This is not a super well-know Peruvian dessert but is as authentic as it can get. In fact, apparently it’s been around for way longer than the popular desserts that appeared when we were a Spanish colony.
I’m usually biased toward chocolate when it comes to sweets, but this is an exception. I think this is in part because there are childhood memories attached to chapana. I recently learned this is one of my father-in-law’s favourite desserts, too. I guess we have more in common that what I thought 🙂
Chapana is made with grated yuca (cassava), chancaca (basically cane sugar that has been boiled and solidified in a block) and aniseed. It’s wrapped in banana leaves and after cooking it acquires a chewy consistency. Grating cassava is a pain in the ass, so when I found frozen cassava in an ethnic shop (can’t remember which) I bought it immediately with cassava in mind. I used coconut sugar instead of chancaca for a hipster version (and also because I don’t know where to buy chancaca in Sydney!), adjusted the ratio (usually 1:1) to make it less sweet and did my best in wrapping the parcels (I’m very sloppy with that kind of things).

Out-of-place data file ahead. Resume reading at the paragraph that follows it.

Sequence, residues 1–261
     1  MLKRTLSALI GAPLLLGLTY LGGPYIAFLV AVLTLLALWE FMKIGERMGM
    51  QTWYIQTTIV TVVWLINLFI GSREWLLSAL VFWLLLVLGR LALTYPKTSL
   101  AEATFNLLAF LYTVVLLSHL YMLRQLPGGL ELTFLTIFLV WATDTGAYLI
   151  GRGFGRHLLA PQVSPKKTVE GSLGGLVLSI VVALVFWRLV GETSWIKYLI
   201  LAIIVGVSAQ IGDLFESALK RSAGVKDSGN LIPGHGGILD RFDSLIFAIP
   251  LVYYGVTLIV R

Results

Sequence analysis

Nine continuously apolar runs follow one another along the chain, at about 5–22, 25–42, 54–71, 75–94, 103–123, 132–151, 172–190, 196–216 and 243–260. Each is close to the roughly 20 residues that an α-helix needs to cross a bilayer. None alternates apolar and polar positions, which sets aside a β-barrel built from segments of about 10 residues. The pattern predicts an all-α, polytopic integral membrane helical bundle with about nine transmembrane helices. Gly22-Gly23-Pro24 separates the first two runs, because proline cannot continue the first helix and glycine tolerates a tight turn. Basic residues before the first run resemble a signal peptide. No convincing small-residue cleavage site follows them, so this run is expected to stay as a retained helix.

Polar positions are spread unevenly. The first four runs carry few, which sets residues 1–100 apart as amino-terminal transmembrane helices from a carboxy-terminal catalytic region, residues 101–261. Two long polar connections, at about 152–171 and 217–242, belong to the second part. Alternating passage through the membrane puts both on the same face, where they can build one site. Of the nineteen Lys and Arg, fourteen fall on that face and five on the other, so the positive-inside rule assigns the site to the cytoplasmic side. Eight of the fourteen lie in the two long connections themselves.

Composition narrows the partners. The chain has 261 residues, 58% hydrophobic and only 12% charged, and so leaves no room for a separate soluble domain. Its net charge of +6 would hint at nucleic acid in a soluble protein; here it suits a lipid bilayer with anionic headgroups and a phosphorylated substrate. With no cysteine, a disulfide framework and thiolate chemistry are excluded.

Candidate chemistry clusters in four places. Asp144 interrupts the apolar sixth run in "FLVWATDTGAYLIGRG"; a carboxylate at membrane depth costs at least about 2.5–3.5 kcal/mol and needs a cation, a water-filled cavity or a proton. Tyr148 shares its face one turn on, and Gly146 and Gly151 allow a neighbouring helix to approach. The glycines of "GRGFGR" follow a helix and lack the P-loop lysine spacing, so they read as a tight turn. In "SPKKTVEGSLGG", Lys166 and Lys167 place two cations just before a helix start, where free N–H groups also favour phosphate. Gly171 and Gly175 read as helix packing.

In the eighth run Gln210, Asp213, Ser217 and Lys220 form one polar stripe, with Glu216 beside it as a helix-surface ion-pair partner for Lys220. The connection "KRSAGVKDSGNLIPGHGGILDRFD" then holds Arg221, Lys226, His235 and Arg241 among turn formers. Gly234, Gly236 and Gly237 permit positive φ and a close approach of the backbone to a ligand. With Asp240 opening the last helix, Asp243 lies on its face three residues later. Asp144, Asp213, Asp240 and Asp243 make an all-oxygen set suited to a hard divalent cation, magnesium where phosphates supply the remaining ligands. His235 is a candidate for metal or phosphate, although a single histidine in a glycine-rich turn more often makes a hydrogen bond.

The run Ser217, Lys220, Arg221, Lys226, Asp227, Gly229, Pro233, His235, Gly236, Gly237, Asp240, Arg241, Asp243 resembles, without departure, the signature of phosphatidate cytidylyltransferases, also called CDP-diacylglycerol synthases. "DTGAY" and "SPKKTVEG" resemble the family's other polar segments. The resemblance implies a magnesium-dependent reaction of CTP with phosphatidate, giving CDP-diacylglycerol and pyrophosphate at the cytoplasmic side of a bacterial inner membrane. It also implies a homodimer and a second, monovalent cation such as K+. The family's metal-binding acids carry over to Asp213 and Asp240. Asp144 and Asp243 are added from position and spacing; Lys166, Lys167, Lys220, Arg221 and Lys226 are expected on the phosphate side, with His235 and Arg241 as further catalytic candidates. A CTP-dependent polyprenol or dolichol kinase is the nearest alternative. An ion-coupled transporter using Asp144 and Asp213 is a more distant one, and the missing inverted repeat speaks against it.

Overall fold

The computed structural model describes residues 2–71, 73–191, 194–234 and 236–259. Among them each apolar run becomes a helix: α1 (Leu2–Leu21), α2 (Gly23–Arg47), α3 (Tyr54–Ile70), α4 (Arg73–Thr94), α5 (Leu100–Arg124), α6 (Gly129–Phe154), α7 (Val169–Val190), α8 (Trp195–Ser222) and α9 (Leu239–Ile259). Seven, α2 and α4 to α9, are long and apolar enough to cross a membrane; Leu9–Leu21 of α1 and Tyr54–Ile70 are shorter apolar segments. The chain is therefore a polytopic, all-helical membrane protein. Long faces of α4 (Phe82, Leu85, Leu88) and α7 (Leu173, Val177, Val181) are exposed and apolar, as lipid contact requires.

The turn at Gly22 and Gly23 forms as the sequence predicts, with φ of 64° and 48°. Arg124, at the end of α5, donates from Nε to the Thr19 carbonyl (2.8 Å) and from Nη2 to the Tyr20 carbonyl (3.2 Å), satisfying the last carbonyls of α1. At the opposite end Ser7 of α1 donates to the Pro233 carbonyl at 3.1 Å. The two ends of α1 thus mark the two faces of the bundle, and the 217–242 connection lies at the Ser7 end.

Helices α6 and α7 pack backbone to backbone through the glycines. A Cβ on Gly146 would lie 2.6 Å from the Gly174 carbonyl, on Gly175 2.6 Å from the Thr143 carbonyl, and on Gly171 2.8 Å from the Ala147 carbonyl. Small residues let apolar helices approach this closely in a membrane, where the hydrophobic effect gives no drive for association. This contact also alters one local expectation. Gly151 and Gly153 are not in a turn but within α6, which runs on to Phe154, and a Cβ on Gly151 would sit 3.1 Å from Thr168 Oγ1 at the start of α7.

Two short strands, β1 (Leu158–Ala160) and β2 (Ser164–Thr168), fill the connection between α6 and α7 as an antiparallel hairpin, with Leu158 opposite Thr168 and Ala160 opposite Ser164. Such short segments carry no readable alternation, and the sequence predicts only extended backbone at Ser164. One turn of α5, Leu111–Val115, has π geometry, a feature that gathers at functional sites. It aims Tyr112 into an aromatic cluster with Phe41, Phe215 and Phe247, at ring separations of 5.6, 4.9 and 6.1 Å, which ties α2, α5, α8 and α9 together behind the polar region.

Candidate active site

- kitchen twine
- 450 g frozen grated cassava
- 200-225 g coconut sugar
- 1 tbsp aniseed
- banana leaves
- Thaw cassava in the fridge overnight.
- Wipe the banana leaves clean.
- In a bowl, mix cassava, coconut sugar and aniseed.
- Divide mix in 4 parts and wrap each in banana leaves in a rectangular pillow-like parcels, wrapping the leaf over itself in 2-3 layers without breaking it if possible.
- Tie the parcels with kitchen twine.
- Fill a pot with enough water to cover the parcels and bring to a boil.
- Pop the parcels in the pot and boil for 30 minutes.
- Fish the parcels out of the water and let cool down enough to unwrap and enjoy.
- Chapana is usually eaten warm, although some people enjoy it cold or at room temperature.
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